The default configuration is intended to make the game run without hickups and if you tailor the specs to your needs you can massively reduce that bill:

  • The hardware specs are too generous, you should be able to use 1 core and 2 GB of memory until you run into issues, a quick check on the pricing calculator says € 27 a month (247)
  • The full amount is only due if you run 247, in which case you should consider running on a different service. If you start the container only on weekends (8 days a month), you’d end up with about a third of the price (~€ 9)

TL; DR: Run Your Own Game Server

First, clone the Github repository into a directory. Use your favorite terminal, cd into the brand-new clone (the directory containing main.tf) and run these commands:

$ terraform init
Initializing the backend...

Initializing provider plugins...
- Checking for available provider plugins...
- Downloading plugin for provider "azurerm" (hashicorp/azurerm) 2.2.0...

Terraform has been successfully initialized!

You may now begin working with Terraform. Try running "terraform plan" to see
any changes that are required for your infrastructure. All Terraform commands
should now work.

If you ever set or change modules or backend configuration for Terraform,
rerun this command to reinitialize your working directory. If you forget, other
commands will detect it and remind you to do so if necessary.
$ terraform apply
 terraform apply

An execution plan has been generated and is shown below.
Resource actions are indicated with the following symbols:
  + create

Terraform will perform the following actions:

  # azurerm_container_group.gameserv will be created
  + resource "azurerm_container_group" "gameserv" {
      + dns_name_label      = "safespacefactorio"
      + fqdn                = (known after apply)
      + id                  = (known after apply)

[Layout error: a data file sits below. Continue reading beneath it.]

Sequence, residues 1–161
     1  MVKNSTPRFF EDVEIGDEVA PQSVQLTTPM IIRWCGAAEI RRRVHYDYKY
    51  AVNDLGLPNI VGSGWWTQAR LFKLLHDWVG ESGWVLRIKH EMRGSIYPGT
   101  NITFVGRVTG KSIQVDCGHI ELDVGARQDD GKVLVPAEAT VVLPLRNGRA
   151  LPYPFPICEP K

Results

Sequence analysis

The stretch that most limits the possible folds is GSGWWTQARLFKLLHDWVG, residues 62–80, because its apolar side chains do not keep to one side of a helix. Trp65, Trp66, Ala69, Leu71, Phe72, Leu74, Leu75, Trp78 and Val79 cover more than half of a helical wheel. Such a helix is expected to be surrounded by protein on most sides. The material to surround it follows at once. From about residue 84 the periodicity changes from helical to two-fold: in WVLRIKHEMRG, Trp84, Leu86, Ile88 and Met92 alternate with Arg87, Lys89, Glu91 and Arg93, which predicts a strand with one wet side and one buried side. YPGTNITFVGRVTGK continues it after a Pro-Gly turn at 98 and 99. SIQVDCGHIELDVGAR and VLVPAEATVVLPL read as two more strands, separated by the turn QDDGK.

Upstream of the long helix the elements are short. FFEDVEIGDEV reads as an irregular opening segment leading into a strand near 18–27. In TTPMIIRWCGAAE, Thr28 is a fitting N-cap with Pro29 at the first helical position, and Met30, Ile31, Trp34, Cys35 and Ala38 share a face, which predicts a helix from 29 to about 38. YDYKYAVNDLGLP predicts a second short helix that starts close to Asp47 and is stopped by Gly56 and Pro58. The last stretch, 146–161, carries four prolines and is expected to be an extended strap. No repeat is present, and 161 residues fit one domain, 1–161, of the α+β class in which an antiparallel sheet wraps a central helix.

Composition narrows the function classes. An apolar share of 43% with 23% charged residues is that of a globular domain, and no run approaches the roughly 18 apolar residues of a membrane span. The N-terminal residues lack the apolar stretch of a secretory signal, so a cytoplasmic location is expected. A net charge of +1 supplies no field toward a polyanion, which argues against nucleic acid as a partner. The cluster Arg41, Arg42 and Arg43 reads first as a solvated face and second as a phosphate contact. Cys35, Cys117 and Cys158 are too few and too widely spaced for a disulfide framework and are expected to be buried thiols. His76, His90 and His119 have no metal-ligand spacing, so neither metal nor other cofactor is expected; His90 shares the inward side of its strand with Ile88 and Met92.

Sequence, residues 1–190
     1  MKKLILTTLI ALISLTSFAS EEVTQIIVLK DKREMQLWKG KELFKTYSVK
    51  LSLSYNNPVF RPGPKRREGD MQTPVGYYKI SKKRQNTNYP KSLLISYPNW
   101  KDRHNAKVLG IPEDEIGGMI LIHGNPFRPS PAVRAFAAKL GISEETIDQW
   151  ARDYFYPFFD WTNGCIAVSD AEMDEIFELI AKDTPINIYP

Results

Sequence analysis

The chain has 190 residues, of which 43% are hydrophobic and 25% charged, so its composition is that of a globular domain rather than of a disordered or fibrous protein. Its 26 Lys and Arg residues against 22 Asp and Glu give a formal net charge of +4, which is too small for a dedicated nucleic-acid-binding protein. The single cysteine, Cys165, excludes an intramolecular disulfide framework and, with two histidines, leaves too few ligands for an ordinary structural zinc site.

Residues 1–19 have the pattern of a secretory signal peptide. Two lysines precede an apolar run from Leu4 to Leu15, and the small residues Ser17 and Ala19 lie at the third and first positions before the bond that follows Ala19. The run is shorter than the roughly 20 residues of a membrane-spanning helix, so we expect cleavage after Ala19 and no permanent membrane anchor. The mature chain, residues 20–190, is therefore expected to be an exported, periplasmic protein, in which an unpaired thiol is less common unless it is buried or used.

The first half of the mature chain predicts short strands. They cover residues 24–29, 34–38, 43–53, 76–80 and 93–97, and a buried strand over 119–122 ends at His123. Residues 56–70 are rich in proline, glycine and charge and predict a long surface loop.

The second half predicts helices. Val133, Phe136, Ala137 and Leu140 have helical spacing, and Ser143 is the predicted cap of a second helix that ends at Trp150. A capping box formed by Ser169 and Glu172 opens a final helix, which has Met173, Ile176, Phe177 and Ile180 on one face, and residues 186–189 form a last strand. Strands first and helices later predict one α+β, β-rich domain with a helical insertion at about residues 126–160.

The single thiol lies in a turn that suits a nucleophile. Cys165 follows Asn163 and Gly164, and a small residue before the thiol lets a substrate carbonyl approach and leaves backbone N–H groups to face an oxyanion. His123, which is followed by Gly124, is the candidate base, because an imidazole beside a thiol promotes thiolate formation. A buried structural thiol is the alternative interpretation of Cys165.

+ ip_address          = (known after apply)
      + ip_address_type     = "public"
      + location            = "westeurope"
      + name                = "factorio-gameserver"
      + os_type             = "Linux"
      + resource_group_name = "factorio"
      + restart_policy      = "Always"

      + container {
          + commands = (known after apply)
          + cpu      = 2
          + image    = "factoriotools/factorio"
          + memory   = 4
          + name     = "factoriogame"
[...]

Plan: 4 to add, 0 to change, 0 to destroy.

Do you want to perform these actions?
  Terraform will perform the actions described above.
  Only 'yes' will be accepted to approve.

  Enter a value: yes

azurerm_resource_group.main: Creating...
[...]
azurerm_container_group.gameserv: Creation complete after 1m8s

… and you are good to go. Check on the deployment through the portal. There you can also find the access keys for the Function app that lets you (or someone else) manage the container instance without logging in. While I will do another write up of the API, here is a brief intro: this is an API that you can call from a browser to https://<dns_label>-ctrl.azurewebsites.net/api/status?code=<host key from the Azure function App>. Instead of /api/status you can also call /api/start or /api/stop for the respective actions.

Check out the GitHub repo to see the entire code, submit PRs and change and adapt.

Obviously if you don’t want to run this yourself, send this article to your computer person

Thank you.